“I’m into swing. I get that from the American Indians like the Sioux, the Arapahoe and the Apache. They have this drum-beat, heart-beat. Bom, Bom, Bom…I got that influence when I was six years old in Wyoming. My father took us to an Arapahoe Indian reservation. The chief let me sit on his lap and beat the tom-tom for the Sun Dance. So, that goes back to the early ’20s for me.”
– Moondog (interviewed by Jason Gross, 1998)
Moondog (1916-1999, born Louis Hardin) was a mysterious composer, percussionist, and musical instrument inventor known as the “Viking of 6th Avenue” because of the Viking costume he wore as he walked the avenue from the late 1940s until the early 1970s. Moondog was blinded in accident when he was a teenager and although often mistaken for being a homeless man dressed in costume, he wasn’t. He was a skilled artist whose rhythmic, modal, and contrapuntal music influenced New York composers, including two who would become infinitely more famous, Philip Glass and Steve Reich. In fact, Glass is quoted as having said he and Reich took Moondog’s work “very seriously and understood and appreciated it much more than what we were exposed to at Juilliard” (quoted in R. Scotto, Moondog: The Viking of 6th Avenue, New York: Process, 2008, p.12).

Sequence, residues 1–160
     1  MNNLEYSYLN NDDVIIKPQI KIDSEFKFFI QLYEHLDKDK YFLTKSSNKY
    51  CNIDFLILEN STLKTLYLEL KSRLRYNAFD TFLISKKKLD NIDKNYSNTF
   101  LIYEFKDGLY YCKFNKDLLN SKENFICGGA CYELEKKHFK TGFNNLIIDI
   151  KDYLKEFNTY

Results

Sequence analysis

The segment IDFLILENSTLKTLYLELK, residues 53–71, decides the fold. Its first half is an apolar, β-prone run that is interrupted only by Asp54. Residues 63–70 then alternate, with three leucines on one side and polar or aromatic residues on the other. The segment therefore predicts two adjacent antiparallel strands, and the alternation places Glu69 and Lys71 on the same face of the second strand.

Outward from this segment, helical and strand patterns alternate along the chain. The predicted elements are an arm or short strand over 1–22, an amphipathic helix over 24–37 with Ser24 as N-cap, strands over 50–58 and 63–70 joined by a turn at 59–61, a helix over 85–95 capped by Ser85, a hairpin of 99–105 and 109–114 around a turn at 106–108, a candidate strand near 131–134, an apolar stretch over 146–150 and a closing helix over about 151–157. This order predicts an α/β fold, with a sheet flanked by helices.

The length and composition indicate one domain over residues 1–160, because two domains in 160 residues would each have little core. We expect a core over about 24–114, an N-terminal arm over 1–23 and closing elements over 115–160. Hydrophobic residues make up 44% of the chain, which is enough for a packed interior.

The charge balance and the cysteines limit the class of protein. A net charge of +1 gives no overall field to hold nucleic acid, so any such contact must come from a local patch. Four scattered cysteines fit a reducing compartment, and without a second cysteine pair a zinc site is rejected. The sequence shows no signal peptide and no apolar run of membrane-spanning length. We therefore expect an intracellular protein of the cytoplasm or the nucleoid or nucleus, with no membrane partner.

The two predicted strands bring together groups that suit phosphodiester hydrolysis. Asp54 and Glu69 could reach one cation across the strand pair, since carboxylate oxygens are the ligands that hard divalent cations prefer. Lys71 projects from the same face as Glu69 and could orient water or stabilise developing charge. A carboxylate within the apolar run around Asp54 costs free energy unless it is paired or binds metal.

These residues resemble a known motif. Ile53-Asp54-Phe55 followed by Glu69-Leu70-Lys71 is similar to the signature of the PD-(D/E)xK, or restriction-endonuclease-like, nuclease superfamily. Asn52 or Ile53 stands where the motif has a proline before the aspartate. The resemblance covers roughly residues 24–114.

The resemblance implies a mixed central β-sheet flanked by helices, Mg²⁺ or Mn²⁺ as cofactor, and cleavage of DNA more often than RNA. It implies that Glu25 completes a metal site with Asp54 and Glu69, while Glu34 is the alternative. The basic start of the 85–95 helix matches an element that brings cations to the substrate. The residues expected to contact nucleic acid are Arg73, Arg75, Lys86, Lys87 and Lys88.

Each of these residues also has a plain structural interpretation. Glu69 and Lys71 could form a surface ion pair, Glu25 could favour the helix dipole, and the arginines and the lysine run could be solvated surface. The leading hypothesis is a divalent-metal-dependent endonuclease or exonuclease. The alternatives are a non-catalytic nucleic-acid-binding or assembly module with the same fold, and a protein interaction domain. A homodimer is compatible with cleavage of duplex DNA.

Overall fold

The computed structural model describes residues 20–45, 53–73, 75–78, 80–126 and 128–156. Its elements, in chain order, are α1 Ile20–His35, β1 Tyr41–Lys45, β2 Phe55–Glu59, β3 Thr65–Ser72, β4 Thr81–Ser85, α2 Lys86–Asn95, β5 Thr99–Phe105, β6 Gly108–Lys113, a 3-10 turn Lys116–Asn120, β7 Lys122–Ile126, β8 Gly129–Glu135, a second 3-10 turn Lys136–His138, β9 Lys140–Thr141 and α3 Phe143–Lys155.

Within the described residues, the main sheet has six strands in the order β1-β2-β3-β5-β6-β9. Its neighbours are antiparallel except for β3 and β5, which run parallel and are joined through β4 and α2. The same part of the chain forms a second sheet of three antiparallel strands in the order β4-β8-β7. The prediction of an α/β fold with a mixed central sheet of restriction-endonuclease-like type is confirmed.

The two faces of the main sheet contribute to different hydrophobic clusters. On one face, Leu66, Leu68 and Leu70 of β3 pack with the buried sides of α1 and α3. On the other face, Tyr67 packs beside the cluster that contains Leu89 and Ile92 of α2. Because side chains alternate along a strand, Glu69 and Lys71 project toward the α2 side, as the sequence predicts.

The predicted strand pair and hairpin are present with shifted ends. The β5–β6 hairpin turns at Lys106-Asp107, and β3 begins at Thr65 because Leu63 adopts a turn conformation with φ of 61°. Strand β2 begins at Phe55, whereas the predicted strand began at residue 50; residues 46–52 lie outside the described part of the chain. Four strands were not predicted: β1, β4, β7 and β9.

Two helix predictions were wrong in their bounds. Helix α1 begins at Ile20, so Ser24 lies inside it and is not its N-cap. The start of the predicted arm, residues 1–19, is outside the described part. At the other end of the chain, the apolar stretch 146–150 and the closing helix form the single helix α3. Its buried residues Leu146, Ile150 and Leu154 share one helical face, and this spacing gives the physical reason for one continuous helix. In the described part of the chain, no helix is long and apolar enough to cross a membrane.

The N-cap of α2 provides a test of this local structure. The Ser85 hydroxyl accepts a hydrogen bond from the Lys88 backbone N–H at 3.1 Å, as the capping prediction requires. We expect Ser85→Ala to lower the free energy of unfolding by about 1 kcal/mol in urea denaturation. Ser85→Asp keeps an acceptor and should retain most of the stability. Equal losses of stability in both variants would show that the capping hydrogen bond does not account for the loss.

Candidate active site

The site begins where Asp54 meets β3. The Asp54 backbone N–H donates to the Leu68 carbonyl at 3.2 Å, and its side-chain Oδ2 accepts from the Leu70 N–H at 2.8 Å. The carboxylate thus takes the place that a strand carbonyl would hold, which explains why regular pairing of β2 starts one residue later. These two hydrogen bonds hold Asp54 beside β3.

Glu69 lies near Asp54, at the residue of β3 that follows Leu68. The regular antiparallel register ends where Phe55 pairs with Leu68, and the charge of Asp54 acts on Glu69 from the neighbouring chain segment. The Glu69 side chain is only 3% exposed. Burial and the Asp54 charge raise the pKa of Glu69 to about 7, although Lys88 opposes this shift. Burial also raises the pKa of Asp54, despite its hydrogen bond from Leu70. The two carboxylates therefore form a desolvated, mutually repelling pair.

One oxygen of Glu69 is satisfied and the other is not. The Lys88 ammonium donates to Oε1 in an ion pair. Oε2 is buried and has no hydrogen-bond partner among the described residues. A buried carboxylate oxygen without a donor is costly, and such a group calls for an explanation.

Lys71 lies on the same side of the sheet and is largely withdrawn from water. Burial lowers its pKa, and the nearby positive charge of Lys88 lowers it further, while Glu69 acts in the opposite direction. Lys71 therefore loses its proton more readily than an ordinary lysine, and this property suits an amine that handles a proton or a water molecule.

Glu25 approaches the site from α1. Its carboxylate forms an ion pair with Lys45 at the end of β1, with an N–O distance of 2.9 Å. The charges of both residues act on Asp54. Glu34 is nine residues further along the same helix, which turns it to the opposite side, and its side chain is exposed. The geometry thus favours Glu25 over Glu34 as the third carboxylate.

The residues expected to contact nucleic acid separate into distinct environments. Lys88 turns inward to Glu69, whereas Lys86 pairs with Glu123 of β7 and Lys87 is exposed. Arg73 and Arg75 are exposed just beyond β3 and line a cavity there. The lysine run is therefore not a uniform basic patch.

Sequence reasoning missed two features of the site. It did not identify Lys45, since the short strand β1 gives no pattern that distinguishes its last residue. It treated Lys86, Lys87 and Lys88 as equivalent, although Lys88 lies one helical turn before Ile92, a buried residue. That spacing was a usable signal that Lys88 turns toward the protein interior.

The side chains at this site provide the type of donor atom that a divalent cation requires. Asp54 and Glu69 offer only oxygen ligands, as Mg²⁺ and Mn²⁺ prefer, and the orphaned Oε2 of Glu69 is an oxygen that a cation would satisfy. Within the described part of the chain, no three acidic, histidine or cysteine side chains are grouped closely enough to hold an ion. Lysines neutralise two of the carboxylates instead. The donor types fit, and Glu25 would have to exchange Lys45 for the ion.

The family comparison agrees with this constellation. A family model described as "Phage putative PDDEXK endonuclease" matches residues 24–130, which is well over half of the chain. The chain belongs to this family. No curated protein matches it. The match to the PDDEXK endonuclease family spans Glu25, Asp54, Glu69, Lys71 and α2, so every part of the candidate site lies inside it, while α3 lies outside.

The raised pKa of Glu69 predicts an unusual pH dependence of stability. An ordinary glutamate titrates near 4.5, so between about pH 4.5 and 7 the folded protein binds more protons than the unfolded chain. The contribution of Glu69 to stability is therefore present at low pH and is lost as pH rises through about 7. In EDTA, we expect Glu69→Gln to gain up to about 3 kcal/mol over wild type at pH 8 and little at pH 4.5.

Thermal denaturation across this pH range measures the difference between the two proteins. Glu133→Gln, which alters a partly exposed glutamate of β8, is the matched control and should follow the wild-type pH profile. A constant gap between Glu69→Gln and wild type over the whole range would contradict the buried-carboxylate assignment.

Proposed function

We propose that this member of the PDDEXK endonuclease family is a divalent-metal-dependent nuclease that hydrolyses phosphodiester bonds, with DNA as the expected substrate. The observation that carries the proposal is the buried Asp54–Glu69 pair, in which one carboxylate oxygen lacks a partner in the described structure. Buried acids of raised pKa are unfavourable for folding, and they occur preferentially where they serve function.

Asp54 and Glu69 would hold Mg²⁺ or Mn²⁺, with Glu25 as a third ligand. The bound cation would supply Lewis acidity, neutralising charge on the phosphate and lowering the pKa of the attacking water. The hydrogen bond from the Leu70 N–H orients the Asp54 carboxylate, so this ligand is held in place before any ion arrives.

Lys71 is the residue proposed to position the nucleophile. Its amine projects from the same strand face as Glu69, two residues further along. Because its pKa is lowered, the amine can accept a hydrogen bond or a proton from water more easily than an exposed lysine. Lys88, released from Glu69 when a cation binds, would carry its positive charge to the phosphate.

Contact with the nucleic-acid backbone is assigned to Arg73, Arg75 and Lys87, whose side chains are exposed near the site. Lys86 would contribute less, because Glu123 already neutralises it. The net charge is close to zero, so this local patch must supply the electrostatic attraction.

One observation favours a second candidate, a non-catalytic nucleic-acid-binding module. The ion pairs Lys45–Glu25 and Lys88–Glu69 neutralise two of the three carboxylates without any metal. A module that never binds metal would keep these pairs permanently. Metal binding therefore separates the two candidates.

I recently came across Moondog’s 1979 recording of organ music, A New Sound For An Old Instrument. (I loved the title.) The audaciously-titled recording sounds somewhat odd and out of step with the modern era–as it were the soundtrack to The Hobbit or Lord Of The Rings–but also because it truly does its own (timeless) thing. The pieces on A New Sound are mostly built out of multiple melodies set up as canons. (Moondog was a huge fan of the discipline of canon writing.) These organ melodies are rhythmic and percussive, singing in short tones, which gives the music a light, dancing feel–unlike so much lugubrious and somber organ repertoire. Accompanying the organ is Moondog’s distinctive stomp and jangle homespun percussion parts, which are sometimes in odd and complex meters and filled with their own layers of accents and patterns. How did Moondog record this album? Did he overdub all the parts himself? I’m not sure but the music has a great feel to it.
Anyway, listening to Moondog’s music is fascinating because it’s as if in it you hear faint traces of other more well-known composers and styles, as well as intimations of musics that could have been, might have been, but for some reason never were. It’s as if these organ pieces trace a stylistic path that leads us down a forest trail that suddenly ends at an old locked gate. What music was/is/could be sounding beyond that gate?
Here are two of my favorite pieces from A New Sound, “Single Foot” and “Mirage”:
You can read an interview with Moondog here.